As I reflect on the concentric nature of human needs and categories into which they fall, there is most certainly a need for longitudinal research to hone assumptive suggestions while they stand as one model (amongst likely others already being studied). I think of six concentric circles which together comprise an individual’s areas of need, including: health, financial, spiritual/purpose, social (friends/family/community), service, and self-expression. The interwoven and deeper human need which layers through these circles like a tapestry is a sense of belonging. There are stages of belonging and degrees of personal fulfillment, from a singular social connection to ongoing social engagement to a deeper sense of belonging. From Maslow’s perspective, self-actualization occurs when levels of need are met from bottom to top.


I believe our social-emotional lives begin with our earliest connection, as we enter the world in need of fulfillment across equally weighted needs that are interlinked rather than atop one another. Traumas experienced in our lives cause tears in the fabric of our internal tapestries and breakages in the interlinked circles of need, all of which need repairing as we live out our daily lives. I could go simultaneously deep and flighty to say love is the answer to all things broken, or I could simply convict fundamental human needs are somehow deeper at their core than food, clothing, and shelter. Perhaps it’s that food, clothing, and shelter aren’t enough and never have been, though still elemental to existing while not to thriving.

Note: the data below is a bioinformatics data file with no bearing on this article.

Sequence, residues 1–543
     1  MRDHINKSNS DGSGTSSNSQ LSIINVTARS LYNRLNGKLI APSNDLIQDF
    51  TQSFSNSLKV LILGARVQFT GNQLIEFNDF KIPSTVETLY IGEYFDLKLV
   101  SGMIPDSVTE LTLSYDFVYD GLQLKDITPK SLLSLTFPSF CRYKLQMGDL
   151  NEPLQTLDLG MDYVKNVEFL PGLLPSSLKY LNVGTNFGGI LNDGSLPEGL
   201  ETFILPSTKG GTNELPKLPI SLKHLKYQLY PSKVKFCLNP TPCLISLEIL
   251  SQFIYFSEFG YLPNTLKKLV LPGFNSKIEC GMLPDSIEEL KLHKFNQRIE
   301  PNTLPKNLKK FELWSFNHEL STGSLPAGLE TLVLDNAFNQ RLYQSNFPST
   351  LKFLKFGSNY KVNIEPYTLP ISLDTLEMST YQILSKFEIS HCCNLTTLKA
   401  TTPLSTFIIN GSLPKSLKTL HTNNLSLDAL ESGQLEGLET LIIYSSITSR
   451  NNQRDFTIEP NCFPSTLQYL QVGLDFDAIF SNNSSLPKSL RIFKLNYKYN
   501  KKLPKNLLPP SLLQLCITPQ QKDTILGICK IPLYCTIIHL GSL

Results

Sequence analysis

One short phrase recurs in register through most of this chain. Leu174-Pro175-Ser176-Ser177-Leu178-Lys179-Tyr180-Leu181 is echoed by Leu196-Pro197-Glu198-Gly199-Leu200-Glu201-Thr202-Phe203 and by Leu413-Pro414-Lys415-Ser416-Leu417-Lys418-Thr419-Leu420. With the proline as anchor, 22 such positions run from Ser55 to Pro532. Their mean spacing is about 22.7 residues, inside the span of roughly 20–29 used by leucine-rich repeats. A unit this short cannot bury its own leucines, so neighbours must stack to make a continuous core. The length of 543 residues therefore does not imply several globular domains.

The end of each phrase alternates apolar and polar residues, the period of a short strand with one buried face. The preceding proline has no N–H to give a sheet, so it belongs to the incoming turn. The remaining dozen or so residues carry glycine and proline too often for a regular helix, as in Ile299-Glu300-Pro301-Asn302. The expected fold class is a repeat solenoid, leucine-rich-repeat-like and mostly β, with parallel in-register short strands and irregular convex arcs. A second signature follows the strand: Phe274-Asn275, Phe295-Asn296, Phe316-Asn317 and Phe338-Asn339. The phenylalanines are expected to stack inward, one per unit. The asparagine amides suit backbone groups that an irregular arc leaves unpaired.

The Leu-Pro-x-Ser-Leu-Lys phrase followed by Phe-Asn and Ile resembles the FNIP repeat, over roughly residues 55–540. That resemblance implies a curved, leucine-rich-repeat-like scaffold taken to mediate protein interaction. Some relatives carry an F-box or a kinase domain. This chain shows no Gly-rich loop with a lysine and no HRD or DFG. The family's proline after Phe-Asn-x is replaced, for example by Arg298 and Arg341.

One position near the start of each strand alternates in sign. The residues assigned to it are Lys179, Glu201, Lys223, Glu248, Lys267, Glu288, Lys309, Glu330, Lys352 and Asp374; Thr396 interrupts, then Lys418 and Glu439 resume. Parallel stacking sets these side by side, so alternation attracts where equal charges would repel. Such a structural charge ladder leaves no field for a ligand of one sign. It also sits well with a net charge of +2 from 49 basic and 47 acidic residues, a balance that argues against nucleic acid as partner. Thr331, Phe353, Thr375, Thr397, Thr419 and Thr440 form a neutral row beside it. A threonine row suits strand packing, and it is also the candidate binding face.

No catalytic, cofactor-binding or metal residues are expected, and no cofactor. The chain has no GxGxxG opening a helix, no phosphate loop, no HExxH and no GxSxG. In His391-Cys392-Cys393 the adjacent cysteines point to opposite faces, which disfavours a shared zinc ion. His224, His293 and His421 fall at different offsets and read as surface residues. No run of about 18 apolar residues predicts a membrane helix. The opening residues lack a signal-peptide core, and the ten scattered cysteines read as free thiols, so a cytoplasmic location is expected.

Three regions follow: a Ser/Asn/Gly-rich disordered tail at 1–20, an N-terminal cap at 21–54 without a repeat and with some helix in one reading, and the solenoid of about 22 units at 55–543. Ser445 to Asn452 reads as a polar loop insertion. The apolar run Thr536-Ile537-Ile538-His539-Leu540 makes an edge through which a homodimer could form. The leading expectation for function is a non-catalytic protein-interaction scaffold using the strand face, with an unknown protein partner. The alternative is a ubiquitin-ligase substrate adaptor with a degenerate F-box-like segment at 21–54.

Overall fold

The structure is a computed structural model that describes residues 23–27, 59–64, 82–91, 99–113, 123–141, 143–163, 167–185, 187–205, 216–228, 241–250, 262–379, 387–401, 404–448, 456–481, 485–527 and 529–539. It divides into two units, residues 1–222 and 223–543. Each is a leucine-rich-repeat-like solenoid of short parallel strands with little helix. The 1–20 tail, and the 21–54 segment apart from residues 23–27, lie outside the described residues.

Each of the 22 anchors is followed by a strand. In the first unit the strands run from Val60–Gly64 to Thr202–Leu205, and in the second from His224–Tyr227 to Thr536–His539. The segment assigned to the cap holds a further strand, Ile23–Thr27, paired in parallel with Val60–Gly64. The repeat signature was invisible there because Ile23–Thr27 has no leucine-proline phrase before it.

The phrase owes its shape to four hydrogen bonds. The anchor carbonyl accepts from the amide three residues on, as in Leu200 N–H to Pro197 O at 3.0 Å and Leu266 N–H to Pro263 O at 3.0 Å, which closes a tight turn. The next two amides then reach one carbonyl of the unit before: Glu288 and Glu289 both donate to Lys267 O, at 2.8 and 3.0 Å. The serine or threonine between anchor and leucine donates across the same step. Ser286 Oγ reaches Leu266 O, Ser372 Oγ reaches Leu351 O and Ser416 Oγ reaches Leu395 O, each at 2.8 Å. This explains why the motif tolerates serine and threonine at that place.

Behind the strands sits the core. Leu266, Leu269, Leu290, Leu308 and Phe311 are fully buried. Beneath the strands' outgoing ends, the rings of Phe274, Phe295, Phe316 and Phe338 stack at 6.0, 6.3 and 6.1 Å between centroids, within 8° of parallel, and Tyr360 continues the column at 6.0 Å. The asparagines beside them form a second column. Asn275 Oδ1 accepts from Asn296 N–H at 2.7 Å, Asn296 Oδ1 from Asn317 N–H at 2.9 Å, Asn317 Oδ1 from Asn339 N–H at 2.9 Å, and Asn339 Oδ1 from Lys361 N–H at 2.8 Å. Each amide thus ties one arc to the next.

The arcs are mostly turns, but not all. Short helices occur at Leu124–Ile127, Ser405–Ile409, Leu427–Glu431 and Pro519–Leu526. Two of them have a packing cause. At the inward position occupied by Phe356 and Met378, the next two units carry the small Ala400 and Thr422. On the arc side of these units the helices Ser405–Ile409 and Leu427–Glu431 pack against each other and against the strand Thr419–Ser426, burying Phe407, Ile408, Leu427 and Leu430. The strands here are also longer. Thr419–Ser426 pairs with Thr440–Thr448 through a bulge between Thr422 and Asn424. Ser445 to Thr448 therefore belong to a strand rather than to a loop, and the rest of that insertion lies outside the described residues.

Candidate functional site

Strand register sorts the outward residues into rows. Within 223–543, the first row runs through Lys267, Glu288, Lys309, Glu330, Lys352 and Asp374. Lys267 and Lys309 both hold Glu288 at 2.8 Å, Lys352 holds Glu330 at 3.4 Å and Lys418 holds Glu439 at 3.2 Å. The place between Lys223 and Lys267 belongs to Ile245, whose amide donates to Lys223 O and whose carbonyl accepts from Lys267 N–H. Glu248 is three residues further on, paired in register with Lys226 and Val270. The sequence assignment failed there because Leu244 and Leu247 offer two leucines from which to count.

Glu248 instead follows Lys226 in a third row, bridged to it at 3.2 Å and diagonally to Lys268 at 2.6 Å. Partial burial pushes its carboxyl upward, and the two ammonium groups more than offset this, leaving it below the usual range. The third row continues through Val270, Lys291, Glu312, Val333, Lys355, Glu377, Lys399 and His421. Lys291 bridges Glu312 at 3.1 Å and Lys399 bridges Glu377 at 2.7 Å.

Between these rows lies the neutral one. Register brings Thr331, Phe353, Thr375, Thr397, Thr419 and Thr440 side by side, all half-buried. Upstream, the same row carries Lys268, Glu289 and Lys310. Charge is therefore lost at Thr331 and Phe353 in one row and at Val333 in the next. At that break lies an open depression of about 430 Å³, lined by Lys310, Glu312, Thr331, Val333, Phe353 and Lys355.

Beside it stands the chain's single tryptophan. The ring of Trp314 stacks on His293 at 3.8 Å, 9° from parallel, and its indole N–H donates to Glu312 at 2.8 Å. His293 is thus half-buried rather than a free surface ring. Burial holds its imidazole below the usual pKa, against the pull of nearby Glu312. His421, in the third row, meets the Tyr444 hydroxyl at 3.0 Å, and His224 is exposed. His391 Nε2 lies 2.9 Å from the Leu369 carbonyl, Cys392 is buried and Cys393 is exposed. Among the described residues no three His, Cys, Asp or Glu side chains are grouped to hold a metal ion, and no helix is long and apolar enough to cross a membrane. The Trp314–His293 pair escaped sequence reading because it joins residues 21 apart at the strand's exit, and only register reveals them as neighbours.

If research is done on circles of needs and layers of belonging, it is critical to study how much social engagement is needed for someone to move from a sense of connection to engagement to belonging. My strong assumption, given the disparate nature of subjective loneliness and objective social isolation, is that the answer is based on how much trauma and what specific life challenges one has faced as the basis for how much engagement is needed for individuals to feel connected and a sense of belonging. I also know there are likely different kinds of social engagement that are more beneficial to those healing from specific traumas. For some, it may be listening to music alone and letting the beautiful, well-researched healing of certain musical rhythms take hold before more complex social interaction takes place.


For some, it is working one-on-one with therapeutic assistance to heal deep wounds which then allow for healthier social connections with those in one’s life. For others, who are more socially isolated than lonely, it is a matter of increasing daily/weekly social interactions in order to improve qualities of lives, health outcomes, and an ultimate feeling of belonging.

This epidemic of loneliness and social isolation can feel like a thimble in an ocean journey, a slippery slope or deep hole in the ground with no clear exit. But like any epidemic, there is an opportunity to work towards a cure. In this epidemic of loneliness and social isolation, we know what brings about positive results and we need to triage our approach in a measured and staged way. We stop the proverbial bleeding when we spark social connections and create programs necessary to move from singular connections to ongoing engagement, and we work together over time to heal as individuals and communities from the inside out and back in again.


One thing I know for certain – We need our mission to be one that exists in action rather than words. We can talk about loneliness as the elephant in the room for only so long until the elephant simply depresses us more. It’s time to go with what we know – serving others helps reduce feelings of depression, positive social connections correlate directly with increased moods and levels of life fulfillment, intergenerational programs are a tremendous way to tackle today’s current social problems with an aging population and youth that feel so disconnected. The answers are staring us in the face, and we need to be better and smarter and more tactical than to continue to act in ways that promote individual, hierarchical growth over lives woven together.